Let’s say that one goal of the university library website is to get more users to self-help finding journal articles.

Measuring the success (create a *funnel*):

  • Fundamental - how many visits am I getting?
  • Even better – how many of those visitors search for a journal article?
  • Better still – how many of those visitors entered a keyword, clicked search and landed on that page that lists all the journal articles?
  • Almost there – how many of those visitors clicked through to a specific article?
  • Nirvana - how many of those visitors took an action (printed the article, checked it out, etc.)?

Where within that *funnel* are most of your visitors dropping off (leaving the funnel)? Are visitors getting to the list of articles and then not clicking through to the detail? Yes? Bingo! Now you know what needs work.

Success events. Goals. Conversions. Different analytcis packages call it different things, but they all give you the ability to do this (if implemented correctly, of course!). Of course there is so much more analytics can tell you, but this is one small *actionable* measurement.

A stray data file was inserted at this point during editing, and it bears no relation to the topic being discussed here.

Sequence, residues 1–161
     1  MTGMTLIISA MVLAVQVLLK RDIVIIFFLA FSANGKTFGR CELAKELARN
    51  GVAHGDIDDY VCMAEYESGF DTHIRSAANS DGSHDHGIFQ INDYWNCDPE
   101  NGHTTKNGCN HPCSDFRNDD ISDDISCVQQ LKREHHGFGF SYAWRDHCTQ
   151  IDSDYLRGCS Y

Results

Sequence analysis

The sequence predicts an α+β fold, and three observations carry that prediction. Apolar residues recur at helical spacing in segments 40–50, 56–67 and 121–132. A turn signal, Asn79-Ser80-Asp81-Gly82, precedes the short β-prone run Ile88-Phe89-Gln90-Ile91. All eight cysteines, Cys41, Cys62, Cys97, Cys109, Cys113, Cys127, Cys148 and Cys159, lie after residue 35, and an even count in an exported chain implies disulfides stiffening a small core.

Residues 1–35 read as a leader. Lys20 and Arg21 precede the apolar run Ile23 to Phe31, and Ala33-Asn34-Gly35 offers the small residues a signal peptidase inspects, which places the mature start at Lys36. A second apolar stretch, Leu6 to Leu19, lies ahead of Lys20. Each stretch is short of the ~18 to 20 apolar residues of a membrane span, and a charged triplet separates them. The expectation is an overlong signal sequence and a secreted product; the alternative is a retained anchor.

So, what are your website goals? What do users do when they get there? Are they doing what you want them to do? Do you know? Would you like to know?

6 Responses to “Why do I need analytics? I’m not a marketer!”

  1. Erin says:

    As marketing budgets shrink the we as marketers need to be more fiscally responsible with those budgets. I find that web analytics is a great way to measure traffic and understand how the traffic moves through the website. It is a vital tool and should be a part of every web marketing project.

    Getting traffic to the website is only 10 percent of the goal and I agree with Shelby websites are “selling” something. If we don’t know what our customers are doing once they are on the website then we are losing “conversions”. That is not being fiscally responsible.

    Thank you Shelby! I look forward to more articles.

  2. Wow! I hadn’t really considered the implications for Intranets and IT Helpdesks.